There has probably been more energy exhausted on debating the differences between the advantages and disadvantages of qualitative and quantitative methods than almost any other methodological topic in social research. There are a number of issues in relation to the analysis of data between social surveys or quantitative and qualitative analysis. There are a number of strengths and weaknesses which are evident in both approaches here which have constantly been drawn upon in the qualitative-quantitative debate. Each approach to the analysis of data are said to be vastly different, however they draw from each other in this area as will be demonstrated, thus in a sense qualitative and quantitative data are not so different when you consider the strong claim that qualitative data can be coded quantitatively, in essence these two research methods are inextricably linked. Any qualitative data can be allocated proper numerical values. These numerical values can then be analyzed using valid statistical techniques in order to achieve greater insight into the meaning of the data and to examine specific hypotheses. For example, many surveys include at least one open-ended question which requires participants to include some sort of text response to some specific issue, in essence qualitative material is included in the survey. This information can then be translated into the quantitative approach through a simple classification procedure. For Instance the text based responses could be sorted into categories. Responses could be labeled and sorted into specific representative themes. The quantitative coding gives us extra vital information and makes it possible to do analyses that wouldn't be possible with the qualitative coding. There is a flip side to the coin here, meaning that quantitative data is based strongly on qualitative judgment. For instance a scale of 1 to 5 on a social survey cannot be correctly interpreted without an understanding of these numerical values. One cannot understand a quantitative value such as 1= 'strongly agree' unless we uncover some of the judgments and assumptions that underlie it such as whether the respondent understood the values or not, or the differences between the values 1 to 5. Thus we can see that in this sense qualitative and quantitative research methods are virtually inseparable and thus would both seem to have at least the potential to contribute equally to understanding in psychology.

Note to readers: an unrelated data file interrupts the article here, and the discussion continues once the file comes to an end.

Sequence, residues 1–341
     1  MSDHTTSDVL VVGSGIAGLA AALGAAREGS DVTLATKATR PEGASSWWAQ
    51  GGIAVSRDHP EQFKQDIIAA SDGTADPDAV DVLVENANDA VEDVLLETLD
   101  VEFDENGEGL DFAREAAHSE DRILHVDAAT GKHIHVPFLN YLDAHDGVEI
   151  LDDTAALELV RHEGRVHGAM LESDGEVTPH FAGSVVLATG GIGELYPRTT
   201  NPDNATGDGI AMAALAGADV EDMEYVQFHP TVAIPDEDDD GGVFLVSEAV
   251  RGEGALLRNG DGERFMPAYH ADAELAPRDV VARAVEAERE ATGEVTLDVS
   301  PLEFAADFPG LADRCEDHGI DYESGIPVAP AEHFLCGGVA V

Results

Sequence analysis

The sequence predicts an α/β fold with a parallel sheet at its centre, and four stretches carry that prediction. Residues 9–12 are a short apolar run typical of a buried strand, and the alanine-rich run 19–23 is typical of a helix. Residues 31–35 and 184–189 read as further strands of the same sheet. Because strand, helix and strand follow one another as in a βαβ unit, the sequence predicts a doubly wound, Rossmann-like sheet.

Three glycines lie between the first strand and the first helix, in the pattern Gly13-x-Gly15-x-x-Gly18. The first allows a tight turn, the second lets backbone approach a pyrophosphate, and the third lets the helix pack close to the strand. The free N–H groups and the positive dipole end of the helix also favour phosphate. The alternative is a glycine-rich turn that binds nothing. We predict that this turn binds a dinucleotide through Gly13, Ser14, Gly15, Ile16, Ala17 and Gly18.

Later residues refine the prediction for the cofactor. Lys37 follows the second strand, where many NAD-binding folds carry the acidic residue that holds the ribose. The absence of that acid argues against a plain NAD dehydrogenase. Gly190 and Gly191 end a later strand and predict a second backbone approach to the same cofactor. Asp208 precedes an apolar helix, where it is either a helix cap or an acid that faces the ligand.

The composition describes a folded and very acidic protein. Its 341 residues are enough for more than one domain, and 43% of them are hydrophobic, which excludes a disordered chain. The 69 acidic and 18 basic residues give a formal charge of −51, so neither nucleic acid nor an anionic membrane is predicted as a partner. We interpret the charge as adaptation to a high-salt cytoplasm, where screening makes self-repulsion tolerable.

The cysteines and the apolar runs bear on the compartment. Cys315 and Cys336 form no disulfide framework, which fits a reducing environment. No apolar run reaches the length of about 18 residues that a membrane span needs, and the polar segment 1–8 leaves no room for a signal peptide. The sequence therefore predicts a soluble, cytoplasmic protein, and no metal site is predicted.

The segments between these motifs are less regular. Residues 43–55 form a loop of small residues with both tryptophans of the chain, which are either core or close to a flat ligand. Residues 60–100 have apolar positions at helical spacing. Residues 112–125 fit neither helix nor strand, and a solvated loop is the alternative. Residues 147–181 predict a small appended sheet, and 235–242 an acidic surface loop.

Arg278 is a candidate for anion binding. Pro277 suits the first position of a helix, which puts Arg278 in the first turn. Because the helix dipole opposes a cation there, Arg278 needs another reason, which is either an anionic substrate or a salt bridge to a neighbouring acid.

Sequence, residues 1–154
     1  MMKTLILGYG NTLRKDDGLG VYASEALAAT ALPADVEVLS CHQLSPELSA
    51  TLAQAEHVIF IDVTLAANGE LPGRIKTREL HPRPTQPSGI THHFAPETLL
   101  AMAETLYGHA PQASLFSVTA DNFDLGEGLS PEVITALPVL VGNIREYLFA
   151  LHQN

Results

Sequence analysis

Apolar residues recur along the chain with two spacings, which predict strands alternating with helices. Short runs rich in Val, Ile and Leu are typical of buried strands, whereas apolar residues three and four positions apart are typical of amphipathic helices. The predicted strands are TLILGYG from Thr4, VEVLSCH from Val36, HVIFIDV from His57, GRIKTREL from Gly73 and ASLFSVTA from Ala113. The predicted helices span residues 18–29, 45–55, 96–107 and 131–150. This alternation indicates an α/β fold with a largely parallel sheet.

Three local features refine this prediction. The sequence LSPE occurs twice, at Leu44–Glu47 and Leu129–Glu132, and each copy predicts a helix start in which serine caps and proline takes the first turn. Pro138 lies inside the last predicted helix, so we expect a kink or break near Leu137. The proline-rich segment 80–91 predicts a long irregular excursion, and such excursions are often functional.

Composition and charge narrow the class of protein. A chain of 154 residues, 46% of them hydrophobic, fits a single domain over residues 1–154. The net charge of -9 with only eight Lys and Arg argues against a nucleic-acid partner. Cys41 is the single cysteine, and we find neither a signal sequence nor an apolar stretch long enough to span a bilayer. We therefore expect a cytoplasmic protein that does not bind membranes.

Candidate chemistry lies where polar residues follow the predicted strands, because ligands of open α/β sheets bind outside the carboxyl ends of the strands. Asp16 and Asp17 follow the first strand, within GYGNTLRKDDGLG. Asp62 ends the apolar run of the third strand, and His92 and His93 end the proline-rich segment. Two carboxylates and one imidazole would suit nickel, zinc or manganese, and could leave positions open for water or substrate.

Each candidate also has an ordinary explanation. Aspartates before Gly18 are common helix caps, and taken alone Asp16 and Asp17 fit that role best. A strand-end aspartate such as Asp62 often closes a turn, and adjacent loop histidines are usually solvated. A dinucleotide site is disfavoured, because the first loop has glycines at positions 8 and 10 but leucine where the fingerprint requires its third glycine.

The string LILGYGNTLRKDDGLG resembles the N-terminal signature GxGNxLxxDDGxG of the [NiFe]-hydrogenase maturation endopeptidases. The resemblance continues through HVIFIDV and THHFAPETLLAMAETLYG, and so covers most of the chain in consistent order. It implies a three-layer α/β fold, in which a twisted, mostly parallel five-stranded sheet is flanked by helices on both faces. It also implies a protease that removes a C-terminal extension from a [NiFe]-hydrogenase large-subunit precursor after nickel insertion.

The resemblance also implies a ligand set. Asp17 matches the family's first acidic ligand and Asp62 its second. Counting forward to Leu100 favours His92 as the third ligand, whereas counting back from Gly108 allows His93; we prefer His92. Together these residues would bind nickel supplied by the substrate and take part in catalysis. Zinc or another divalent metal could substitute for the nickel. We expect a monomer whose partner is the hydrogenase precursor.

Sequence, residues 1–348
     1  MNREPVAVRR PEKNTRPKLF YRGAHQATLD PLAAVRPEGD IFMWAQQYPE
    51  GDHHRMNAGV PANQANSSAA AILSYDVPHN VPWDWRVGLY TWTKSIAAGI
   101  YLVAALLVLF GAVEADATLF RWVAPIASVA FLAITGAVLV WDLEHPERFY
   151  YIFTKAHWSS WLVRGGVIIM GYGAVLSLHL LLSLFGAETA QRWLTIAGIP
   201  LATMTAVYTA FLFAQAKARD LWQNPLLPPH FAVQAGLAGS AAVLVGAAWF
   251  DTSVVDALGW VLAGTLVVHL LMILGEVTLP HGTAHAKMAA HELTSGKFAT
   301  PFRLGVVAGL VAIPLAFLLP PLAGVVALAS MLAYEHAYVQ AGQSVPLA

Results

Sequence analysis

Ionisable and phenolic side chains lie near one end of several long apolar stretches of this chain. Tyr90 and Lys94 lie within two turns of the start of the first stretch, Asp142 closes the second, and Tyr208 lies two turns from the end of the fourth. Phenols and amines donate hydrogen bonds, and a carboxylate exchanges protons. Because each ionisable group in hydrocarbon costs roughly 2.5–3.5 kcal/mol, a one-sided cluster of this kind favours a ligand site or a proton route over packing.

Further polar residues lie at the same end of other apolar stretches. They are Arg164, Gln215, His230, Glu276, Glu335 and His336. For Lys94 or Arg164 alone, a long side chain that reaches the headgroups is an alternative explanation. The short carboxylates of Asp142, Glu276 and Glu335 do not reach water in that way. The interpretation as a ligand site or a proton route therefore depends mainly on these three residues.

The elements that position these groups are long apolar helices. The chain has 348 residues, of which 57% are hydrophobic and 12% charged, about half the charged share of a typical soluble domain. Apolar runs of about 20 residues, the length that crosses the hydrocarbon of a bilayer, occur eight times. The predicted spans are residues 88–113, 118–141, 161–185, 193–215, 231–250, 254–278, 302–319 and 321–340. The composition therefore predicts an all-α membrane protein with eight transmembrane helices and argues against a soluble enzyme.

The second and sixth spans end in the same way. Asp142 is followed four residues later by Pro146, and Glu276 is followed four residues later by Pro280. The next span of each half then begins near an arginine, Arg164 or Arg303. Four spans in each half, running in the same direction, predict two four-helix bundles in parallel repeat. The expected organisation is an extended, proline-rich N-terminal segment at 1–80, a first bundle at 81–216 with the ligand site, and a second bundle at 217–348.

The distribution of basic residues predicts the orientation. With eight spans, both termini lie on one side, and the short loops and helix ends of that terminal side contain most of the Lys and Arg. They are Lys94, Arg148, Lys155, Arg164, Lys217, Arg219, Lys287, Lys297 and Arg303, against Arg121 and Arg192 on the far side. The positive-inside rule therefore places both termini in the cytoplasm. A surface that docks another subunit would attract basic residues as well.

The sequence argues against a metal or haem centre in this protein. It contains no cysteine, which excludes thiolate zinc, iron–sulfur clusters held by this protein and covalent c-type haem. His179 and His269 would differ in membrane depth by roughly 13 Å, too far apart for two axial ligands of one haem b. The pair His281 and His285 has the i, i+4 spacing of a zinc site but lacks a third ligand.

It is important for researchers to realize that qualitative and quantitative methods can be used in conjunction with each other. In a study of computer-assisted writing classrooms, Snyder (1995) employed both qualitative and quantitative approaches. The study was constructed